By Monica Alonzo
By Stephen Lemons
By Jason P. Woodbury
By Dulce Paloma Baltazar Pedraza
By Ray Stern
By Pete Kotz
By Monica Alonzo
By New Times
"Because I may not like the way a woman dresses," she continues, "I'm not gonna call her a slut." She pauses, then adds softly, "That's a really strong word.
". . . I would rather have 40 percent of the people totally adore me and remember my name, and have 60 percent of the people totally hate me and remember my name. If you are good at what you do, you are gonna divide people."
If prudes are turning off the television in disgust at DiFolco's umbilicus, younger, wide-eyed kids are flipping it right back on. The ratings for the NewShow are on par with the more traditional newscast it replaced last September. But, significantly, a shift in NewShow's demographics shows a rising accent on youth, while viewers of Channel 12's top-rated newscast have gotten older.
In May, comparisons of local 10 p.m. newscasts showed NewShow inscreased 60 percent in rating and 50 percent in share among 18- to 34-year-olds but lost 31 percent of its 65-and-older audience to KPNX Channel 12 since May 1999. NewShow is ranked second to KPNX in the 18-to-49 demographic.
TV news is getting younger. Stations are going for youth; glossed graphics, long bits celebrating the trivial, hard news stories made terse and angular.
KTVK news director Dennis O'Neil points out that older people are traditionally more interested in conventional news, that to secure a younger audience a station must reflect the interests of youth. Viewership equals ratings equals advertisers. It's a simple lifeblood formula for contemporary media.
"[Other stations] hire young people," says O'Neil. "But what they immediately do is put them in three-piece suits and they teach them how to write and act and cover all the same traditional things that every reporter has ever done. So they turn 25-year-olds into 40-year-olds. So all of a sudden there's no voice for a 25-year-old. And what we really wanted to do was reflect her age in the newscast in the interest of the people who are her age and younger and a little bit older."
Alvidrez sums up DiFolco's mission: "What we really wanted to do was capture Phoenix at night. Depending upon whether you like it, hate it, or fall someplace in between, we've done it with varying degrees of success."
The genesis for the NewShow came from KTVK news execs who simply wanted to challenge the standard newscast formula. They were intent on putting across what they considered a protean look at Phoenix life.
KTVK sports a news staff heaving with accomplished reporters, some with ink-stained journalistic backgrounds. It was the only local newscast, for example, that didn't simply gloss over Joe Arpaio's and Fife Symington's bungles in recent years. A TV newscast that, as far as newscasts go, garnered respectability.
What of the gadflies who chimed "fluff" and "sellout" when NewShow hit the air last September?
"I don't think that's selling out, I think that's broadening," retorts O'Neil. "Our opinion was the same thing going in as it was today. And, quite simply, it's that there's a lot of different kinds of information.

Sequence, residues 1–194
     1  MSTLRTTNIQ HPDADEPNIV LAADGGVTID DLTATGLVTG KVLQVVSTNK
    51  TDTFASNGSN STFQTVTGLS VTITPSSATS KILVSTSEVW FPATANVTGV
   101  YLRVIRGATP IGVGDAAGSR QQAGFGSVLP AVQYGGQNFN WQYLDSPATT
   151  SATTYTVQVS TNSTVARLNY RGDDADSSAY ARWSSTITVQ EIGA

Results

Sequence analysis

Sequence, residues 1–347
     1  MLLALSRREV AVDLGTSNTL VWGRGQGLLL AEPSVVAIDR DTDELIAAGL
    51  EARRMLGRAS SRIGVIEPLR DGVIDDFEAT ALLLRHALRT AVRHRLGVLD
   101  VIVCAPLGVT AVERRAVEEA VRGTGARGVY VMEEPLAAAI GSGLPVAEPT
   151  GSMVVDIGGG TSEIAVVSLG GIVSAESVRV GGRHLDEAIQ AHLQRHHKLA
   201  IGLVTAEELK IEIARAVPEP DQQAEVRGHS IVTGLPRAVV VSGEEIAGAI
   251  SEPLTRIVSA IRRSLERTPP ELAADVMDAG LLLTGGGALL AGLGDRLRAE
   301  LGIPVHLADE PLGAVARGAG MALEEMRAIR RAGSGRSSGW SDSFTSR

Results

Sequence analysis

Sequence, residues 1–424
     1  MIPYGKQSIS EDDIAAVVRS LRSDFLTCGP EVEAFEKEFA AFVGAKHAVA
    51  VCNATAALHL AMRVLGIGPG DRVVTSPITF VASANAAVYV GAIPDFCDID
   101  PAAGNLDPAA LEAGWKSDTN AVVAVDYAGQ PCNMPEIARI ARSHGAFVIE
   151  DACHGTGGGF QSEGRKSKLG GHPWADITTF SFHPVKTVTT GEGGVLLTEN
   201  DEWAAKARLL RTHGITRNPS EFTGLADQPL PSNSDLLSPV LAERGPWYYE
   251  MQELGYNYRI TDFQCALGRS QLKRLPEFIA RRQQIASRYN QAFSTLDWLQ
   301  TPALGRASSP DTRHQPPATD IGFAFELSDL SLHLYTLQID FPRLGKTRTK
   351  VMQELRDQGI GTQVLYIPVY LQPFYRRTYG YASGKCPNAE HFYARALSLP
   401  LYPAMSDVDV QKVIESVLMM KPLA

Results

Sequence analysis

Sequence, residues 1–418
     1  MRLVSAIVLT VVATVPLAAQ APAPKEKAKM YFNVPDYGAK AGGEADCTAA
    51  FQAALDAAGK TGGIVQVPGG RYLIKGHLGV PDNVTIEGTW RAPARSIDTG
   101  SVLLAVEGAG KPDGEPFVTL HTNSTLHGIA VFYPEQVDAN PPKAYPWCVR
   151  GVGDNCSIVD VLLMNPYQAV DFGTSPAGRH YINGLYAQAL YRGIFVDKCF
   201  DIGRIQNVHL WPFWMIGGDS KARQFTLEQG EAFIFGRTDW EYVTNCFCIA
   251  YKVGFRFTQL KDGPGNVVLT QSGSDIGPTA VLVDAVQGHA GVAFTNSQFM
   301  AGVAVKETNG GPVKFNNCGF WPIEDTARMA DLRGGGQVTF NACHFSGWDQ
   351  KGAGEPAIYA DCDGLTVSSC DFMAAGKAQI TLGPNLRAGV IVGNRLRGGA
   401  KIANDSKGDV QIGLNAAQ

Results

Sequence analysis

"People are going on the Internet now more and more trying to figure out what information best suits their life. So how do we try and reach those folks and how do we try and compete with that? We need to broaden our audience, not narrow it."
Alvidrez says at first there were a lot of people "who tried to judge it by the same standards that late newscasts had been judged historically. We thought it [NewShow] was a pretty spiffy newscast. It was No. 2 to Channel 12, which had this huge NBC lead-in. What was really hurtful was you were only hearing from people saying, 'I love you guys, but I hate your show.' So the personal comments about Liz or Claudia or other aspects of the NewShow, I think those were more hurtful because they were coming from our fans."
Frederic "Fritz" Leigh, deputy director at ASU's Walter Cronkite School of Journalism, says this type of entertainment-driven newscast is becoming more commonplace nationwide, with the line between journalist and entertainer increasingly blurred.
"Channel 3, for the past few years," he says, "since they lost their network affiliation, have focused more on news but very much on a kind of local, folksy kind of presentation which has been very successful for them."
Success of entertainment-driven news programming mirrors the rise of journalism students aspiring to become "entertainment reporters."
"We're having more students come to us," Leigh continues, "coming into the program and saying, 'My goal is to become an entertainment reporter.' We've had that just over the last couple of years where we've never had that before. And they consider it a legitimate part of journalism, whether we do or not.
"And that tells me that the general public, the viewers, are interested in that type of reporting and information. Entertainment Tonight, Access Hollywoodand Inside Edition, those kinds of programs are very popular. And that's what they do. I think Channel 3 puts more emphasis on these people as personalities.
"In many ways, these folks have become entertainers themselves."
Does he find this sort of journalistic "dumbing down" an insult to the intelligence of the viewer?